The nasopharynx is an easily accessible core-temperature monitoring site, but insufficient or excessive nasopharyngeal probe insertion can underestimate core temperature. Our goal was to estimate optimal nasopharyngeal probe insertion depth as a function of age.
We enrolled 157 pediatric patients who had noncardiac surgery with endotracheal intubation in 5 groups: (1) newborn to 6 months old, (2) infants 7 months to 1 year old, (3) children 13 to 23 months old, (4) children 2 to 5 years old, and (5) children 6 to 12 years old. A reference esophageal temperature probe was inserted at an appropriate depth based on each patient’s height. A nasopharyngeal temperature probe was inserted from the naris at 10 cm in newborn and infants, 15 cm in children aged 1 to 5 years old, and 20 cm in children who were 6 years or older. The study nasopharyngeal probes were withdrawn 1, 2.5, or 2 cm (depending on age) 10 times at 5-minute intervals. Optimal probe insertion distances were defined by limits of agreement (LOAs) between nasopharyngeal and esophageal temperatures <0.5 °C.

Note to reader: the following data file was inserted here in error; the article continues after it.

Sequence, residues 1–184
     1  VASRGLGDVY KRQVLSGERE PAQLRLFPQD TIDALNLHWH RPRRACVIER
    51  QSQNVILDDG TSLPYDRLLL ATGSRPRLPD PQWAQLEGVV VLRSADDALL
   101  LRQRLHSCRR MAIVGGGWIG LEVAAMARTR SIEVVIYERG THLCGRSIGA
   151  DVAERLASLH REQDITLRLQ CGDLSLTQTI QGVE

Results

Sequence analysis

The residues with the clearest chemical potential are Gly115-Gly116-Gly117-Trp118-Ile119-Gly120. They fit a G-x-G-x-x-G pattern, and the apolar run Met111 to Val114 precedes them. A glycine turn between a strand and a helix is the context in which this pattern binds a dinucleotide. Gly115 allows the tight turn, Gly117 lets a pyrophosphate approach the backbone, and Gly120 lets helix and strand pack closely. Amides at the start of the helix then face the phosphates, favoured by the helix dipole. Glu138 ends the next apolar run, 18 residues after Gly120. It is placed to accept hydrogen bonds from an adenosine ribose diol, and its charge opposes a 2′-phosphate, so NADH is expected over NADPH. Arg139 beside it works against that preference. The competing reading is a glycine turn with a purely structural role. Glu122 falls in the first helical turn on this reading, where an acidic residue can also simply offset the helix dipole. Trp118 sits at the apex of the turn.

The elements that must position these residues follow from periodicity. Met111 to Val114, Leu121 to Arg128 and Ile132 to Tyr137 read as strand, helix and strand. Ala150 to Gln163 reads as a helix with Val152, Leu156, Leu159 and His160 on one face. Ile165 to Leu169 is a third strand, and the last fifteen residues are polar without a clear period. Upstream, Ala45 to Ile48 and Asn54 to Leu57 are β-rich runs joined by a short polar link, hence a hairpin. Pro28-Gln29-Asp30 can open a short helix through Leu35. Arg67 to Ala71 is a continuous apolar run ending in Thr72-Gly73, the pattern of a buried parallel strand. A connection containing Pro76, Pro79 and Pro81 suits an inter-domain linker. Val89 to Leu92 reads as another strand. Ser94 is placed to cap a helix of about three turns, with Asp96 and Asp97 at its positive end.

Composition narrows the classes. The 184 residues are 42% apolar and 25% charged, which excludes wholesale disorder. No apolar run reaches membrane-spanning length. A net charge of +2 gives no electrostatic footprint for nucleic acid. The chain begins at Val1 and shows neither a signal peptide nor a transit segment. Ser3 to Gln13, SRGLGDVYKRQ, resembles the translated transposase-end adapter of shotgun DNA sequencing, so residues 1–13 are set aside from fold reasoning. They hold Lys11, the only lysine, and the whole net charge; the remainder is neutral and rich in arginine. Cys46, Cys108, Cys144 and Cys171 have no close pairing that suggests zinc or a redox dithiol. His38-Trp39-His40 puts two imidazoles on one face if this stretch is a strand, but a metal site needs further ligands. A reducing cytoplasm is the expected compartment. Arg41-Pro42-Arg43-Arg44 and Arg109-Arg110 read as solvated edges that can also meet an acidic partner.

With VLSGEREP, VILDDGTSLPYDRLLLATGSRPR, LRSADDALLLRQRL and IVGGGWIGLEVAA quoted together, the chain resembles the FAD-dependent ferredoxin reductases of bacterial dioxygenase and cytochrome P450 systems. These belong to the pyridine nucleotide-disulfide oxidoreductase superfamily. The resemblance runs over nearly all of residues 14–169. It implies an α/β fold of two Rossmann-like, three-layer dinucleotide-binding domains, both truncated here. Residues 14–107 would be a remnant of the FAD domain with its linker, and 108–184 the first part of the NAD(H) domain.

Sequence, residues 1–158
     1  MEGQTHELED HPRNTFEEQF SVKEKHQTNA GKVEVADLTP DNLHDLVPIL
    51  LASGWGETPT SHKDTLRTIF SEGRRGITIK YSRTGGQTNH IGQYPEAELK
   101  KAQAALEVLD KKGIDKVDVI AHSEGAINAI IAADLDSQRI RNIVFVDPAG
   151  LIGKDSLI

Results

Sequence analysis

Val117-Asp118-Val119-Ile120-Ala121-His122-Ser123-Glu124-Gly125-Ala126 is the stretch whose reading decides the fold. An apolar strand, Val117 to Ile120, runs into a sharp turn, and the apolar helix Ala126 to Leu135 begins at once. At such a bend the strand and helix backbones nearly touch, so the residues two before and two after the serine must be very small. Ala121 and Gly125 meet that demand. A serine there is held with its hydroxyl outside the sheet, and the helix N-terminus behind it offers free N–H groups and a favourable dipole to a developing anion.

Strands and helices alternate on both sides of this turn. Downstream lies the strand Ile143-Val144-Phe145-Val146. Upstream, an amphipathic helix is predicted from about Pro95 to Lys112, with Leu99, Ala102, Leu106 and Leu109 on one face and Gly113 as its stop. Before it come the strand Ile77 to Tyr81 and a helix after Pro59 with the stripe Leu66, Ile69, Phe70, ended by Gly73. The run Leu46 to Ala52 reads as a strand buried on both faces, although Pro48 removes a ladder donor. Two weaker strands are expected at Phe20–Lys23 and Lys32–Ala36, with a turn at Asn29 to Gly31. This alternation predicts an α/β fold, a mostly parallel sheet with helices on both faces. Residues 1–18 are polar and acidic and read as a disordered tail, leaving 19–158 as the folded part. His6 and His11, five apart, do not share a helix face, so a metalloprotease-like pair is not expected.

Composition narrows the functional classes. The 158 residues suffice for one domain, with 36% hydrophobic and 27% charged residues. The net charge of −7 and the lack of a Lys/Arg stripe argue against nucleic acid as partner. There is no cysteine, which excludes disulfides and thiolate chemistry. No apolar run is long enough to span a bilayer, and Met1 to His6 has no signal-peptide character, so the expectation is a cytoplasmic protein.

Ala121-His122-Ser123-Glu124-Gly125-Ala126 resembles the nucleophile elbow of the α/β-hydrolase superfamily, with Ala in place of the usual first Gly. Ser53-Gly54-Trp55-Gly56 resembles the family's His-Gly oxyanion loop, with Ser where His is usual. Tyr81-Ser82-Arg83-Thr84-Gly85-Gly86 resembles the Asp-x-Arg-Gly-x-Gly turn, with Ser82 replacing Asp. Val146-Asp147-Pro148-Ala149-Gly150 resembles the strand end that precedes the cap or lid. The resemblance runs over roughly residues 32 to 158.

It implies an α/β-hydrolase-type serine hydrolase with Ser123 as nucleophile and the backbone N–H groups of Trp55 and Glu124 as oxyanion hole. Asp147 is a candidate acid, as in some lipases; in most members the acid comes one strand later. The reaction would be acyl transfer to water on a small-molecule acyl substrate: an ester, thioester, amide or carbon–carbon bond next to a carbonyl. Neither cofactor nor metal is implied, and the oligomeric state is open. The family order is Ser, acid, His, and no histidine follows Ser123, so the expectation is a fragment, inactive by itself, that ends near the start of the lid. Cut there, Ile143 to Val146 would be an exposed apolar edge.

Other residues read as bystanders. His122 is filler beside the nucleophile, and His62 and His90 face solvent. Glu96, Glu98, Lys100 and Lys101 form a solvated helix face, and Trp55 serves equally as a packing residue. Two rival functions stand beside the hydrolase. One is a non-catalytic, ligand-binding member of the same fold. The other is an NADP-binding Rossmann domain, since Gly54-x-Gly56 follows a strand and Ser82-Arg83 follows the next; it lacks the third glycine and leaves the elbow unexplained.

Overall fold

Optimal nasopharyngeal temperature probe position ranged from 6 to 10 cm in infants up to 6 months old, 7 to 8 cm in infants 7 to 12 months old, 7.5 to 12 cm in children 13 to 23 months old, and 10 to 12 cm in children aged 6 years and older. The 95% LOAs were <0.5 °C for all age categories except the 2- to 5-year-old group where the limits extended from –0.67 °C to 0.52 °C at 9 cm. At the optimal position within each age range, the bias (average nasopharyngeal-to-esophageal temperature difference) was ≤0.1 °C.
Nasopharyngeal thermometers accurately measure core temperature, but only when probes are inserted a proper distance, which varies with age. As with much in pediatrics, nasopharyngeal thermometer insertion depths should be age appropriate.
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